Video: Split Refunds-Savings Bonds: English | ASL
In an effort to help individuals build their savings and retirement funds, a new direct deposit option in 2010 allows taxpayers to use their tax refunds to purchase U.S. Series I Savings Bonds.
Direct deposit, the electronic transfer of tax refunds into financial accounts, is the fastest, safest way to receive a tax refund. Taxpayers who use IRS e-file with direct deposit can get their refunds in as few as 10 days. A direct deposit avoids the possibility of a refund check being lost, stolen or returned to the IRS as undeliverable.
Using Direct Deposit
A taxpayer who wants to have his entire refund deposited into one account –– a checking, savings or retirement account –– simply needs to include his financial institution account number and nine-digit routing number on his tax return.
But the taxpayer may also split his refund into as many as three financial accounts. For example, he might designate that part of the refund be deposited into a savings account, part into a checking account and part into a retirement fund. Other examples of financial accounts eligible to receive deposits include health savings accounts and Coverdell education savings accounts.
And this year, for the first time, taxpayers may also use the split-refund option to purchase Treasury I Bonds.
Splitting a Refund
Form 8888, Direct Deposit of Refund to More Than One Account, is used to split a tax refund into two or three financial accounts. The form provides instructions for direct deposit into two or three accounts.
The taxpayer selects the accounts and the amount of the direct deposit he wants to designate for each account. The taxpayer should check with his financial institution to get the correct routing and account numbers and ensure the direct deposit will be accepted. The routing number on a deposit slip should not be used if it differs from the routing numbers on a corresponding check.
Buying Savings Bonds
This year, a taxpayer for the first time can request a portion of his refund be used to buy up to $5,000 in low-risk, liquid Treasury I Bonds, which earn interest and protect owners against inflation.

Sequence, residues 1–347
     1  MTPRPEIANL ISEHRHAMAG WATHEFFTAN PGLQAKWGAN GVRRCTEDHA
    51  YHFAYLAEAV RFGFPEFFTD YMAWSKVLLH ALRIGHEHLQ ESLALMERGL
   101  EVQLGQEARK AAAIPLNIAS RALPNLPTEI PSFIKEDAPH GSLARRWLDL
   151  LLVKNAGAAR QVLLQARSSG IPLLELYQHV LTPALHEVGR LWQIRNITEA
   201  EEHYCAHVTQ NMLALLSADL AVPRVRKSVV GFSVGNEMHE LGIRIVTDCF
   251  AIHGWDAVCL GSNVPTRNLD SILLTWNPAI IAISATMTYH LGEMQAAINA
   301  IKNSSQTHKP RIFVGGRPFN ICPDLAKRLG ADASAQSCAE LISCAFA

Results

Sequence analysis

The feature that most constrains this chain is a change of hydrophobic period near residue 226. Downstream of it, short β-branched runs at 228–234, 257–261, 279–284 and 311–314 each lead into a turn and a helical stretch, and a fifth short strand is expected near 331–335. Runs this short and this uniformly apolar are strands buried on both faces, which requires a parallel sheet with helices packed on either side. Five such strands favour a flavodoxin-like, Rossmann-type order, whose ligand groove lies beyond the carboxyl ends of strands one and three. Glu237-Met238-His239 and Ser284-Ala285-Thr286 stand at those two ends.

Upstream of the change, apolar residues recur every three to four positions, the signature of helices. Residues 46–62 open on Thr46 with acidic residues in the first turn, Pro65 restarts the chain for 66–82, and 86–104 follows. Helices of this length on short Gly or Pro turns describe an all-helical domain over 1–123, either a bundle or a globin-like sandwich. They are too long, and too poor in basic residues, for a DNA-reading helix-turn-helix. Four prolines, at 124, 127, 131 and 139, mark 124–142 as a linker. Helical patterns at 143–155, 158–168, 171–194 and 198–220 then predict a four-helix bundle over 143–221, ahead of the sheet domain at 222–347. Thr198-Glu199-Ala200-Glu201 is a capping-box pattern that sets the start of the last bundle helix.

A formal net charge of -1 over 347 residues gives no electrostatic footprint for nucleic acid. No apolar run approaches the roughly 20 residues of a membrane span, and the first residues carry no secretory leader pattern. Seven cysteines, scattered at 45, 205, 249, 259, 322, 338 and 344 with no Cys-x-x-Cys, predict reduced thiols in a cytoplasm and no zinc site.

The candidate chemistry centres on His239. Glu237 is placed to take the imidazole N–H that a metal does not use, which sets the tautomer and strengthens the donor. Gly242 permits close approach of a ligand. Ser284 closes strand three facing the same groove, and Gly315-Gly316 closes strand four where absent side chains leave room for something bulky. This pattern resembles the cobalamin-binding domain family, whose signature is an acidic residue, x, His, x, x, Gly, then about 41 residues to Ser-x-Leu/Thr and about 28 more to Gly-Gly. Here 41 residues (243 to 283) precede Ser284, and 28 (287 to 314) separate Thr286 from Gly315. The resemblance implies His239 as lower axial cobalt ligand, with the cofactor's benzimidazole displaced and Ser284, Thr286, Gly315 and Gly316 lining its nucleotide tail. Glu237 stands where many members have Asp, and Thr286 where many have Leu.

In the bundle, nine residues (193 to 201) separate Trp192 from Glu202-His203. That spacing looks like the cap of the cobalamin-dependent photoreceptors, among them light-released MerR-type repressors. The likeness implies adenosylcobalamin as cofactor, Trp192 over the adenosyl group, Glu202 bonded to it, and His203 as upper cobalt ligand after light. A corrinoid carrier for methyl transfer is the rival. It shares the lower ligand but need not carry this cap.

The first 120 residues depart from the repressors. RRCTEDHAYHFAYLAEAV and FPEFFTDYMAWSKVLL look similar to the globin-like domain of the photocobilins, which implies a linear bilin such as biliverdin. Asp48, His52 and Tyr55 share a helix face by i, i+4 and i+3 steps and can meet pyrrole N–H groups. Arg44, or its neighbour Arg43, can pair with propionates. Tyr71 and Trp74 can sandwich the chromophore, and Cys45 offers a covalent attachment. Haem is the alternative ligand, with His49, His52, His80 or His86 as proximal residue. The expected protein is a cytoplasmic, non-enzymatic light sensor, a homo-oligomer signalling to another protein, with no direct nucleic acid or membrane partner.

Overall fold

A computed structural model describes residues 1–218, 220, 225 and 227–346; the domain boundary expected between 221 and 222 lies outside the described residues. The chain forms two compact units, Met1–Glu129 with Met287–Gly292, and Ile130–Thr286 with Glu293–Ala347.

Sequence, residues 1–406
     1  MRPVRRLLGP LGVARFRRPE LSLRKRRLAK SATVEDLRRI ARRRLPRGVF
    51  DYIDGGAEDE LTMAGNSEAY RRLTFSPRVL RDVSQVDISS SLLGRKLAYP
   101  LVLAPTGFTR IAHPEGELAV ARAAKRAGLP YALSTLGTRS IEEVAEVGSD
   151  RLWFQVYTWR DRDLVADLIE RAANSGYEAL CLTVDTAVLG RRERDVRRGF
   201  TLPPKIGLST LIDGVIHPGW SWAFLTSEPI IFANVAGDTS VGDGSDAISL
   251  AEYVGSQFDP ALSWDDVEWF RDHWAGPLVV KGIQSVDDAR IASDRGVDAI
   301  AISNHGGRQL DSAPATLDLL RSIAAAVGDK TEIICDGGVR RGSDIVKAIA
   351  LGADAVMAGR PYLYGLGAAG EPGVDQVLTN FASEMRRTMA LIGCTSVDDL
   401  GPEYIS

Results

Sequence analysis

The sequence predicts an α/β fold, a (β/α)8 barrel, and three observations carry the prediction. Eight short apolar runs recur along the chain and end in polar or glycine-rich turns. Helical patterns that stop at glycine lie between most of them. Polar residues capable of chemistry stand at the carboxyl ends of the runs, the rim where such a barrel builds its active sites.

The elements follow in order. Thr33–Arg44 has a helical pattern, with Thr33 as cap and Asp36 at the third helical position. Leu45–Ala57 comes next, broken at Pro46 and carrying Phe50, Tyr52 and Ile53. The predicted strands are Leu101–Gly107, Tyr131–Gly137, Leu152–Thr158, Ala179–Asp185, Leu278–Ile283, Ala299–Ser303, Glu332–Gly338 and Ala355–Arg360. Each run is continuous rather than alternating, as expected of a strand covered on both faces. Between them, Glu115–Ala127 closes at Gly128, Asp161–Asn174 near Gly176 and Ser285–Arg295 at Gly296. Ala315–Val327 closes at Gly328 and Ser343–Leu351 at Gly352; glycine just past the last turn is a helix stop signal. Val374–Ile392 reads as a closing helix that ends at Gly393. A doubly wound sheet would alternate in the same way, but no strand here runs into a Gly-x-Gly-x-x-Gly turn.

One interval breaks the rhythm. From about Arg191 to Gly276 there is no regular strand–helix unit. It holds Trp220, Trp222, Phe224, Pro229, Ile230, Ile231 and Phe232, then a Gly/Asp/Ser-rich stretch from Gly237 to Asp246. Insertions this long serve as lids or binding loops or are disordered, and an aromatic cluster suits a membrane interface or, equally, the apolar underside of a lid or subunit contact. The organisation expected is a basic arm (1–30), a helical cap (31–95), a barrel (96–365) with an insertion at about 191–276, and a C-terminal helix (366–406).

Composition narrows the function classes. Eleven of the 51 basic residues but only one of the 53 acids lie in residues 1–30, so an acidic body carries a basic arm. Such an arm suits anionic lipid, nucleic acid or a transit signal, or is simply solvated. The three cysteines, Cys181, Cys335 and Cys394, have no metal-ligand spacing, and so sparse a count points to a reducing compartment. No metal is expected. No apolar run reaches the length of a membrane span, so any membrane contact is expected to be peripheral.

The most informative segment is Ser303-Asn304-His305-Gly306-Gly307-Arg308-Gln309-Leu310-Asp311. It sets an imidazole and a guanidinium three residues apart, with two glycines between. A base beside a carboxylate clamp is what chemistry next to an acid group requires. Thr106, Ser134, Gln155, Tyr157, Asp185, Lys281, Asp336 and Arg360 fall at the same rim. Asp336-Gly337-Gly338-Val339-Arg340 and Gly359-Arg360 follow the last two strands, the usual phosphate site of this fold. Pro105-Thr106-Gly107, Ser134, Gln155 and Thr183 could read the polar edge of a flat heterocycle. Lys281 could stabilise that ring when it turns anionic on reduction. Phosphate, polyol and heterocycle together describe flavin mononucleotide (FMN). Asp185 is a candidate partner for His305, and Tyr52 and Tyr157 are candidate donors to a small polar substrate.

The resulting bonds will be issued in the taxpayer’s name. If the refund is a joint refund, the bonds will be issued in the names of both taxpayers. No beneficiary may be selected. The taxpayer need not have a TreasuryDirect account to purchase I Bonds using this option.
Using Form 8888, the taxpayer enters 043736881 as the routing number and checks the “savings” box. He must use the letters “BONDS” as the account number.
An I Bond request must be a multiple of $50. The taxpayer also needs to designate an account to which he wants the IRS to deposit the balance of his refund. For example, if his refund is $280, the taxpayer can request that $250 be used to purchase I Bonds and that the remaining $30 be deposited into a checking, savings or investment account.
In cases where a refund is an exact multiple of $50 but less than $5,000, the taxpayer may direct that all of the refund be applied to I Bond purchases by filling out the direct deposit information on his tax return and simply not using Form 8888.
The savings bonds will be mailed to the taxpayer.
Bonds will not be purchased in situations where the taxpayer makes an error figuring his refund, or if the bond request is not a multiple of $50 or the refund is offset for any reason. In these cases, the requested purchase will be cancelled and the entire refund mailed to the taxpayer in the form of a check.
Once the IRS has processed a tax return and placed an order for I Bonds, the taxpayer can inquire about the status of his bond purchase by calling the Treasury Retail Securities Site at 1-800-245-2804.
Information about Individual Retirement Arrangements
Refunds may be deposited directly into previously established traditional IRAs, Roth IRAs and SEP-IRAs. (They may not be deposited into SIMPLE IRAs.)
The taxpayer should check with his financial institution to confirm that it accepts direct deposits as well as inform the trustee of the tax year to which the IRA should be contributed. For example, if a taxpayer intends for a direct deposit to be designated as a 2009 IRA contribution but fails to inform the trustee, the deposit might be designated as a 2010 contribution. The direct deposit contribution to an IRA must be made prior to April 15 in order to apply to the 2009 tax year.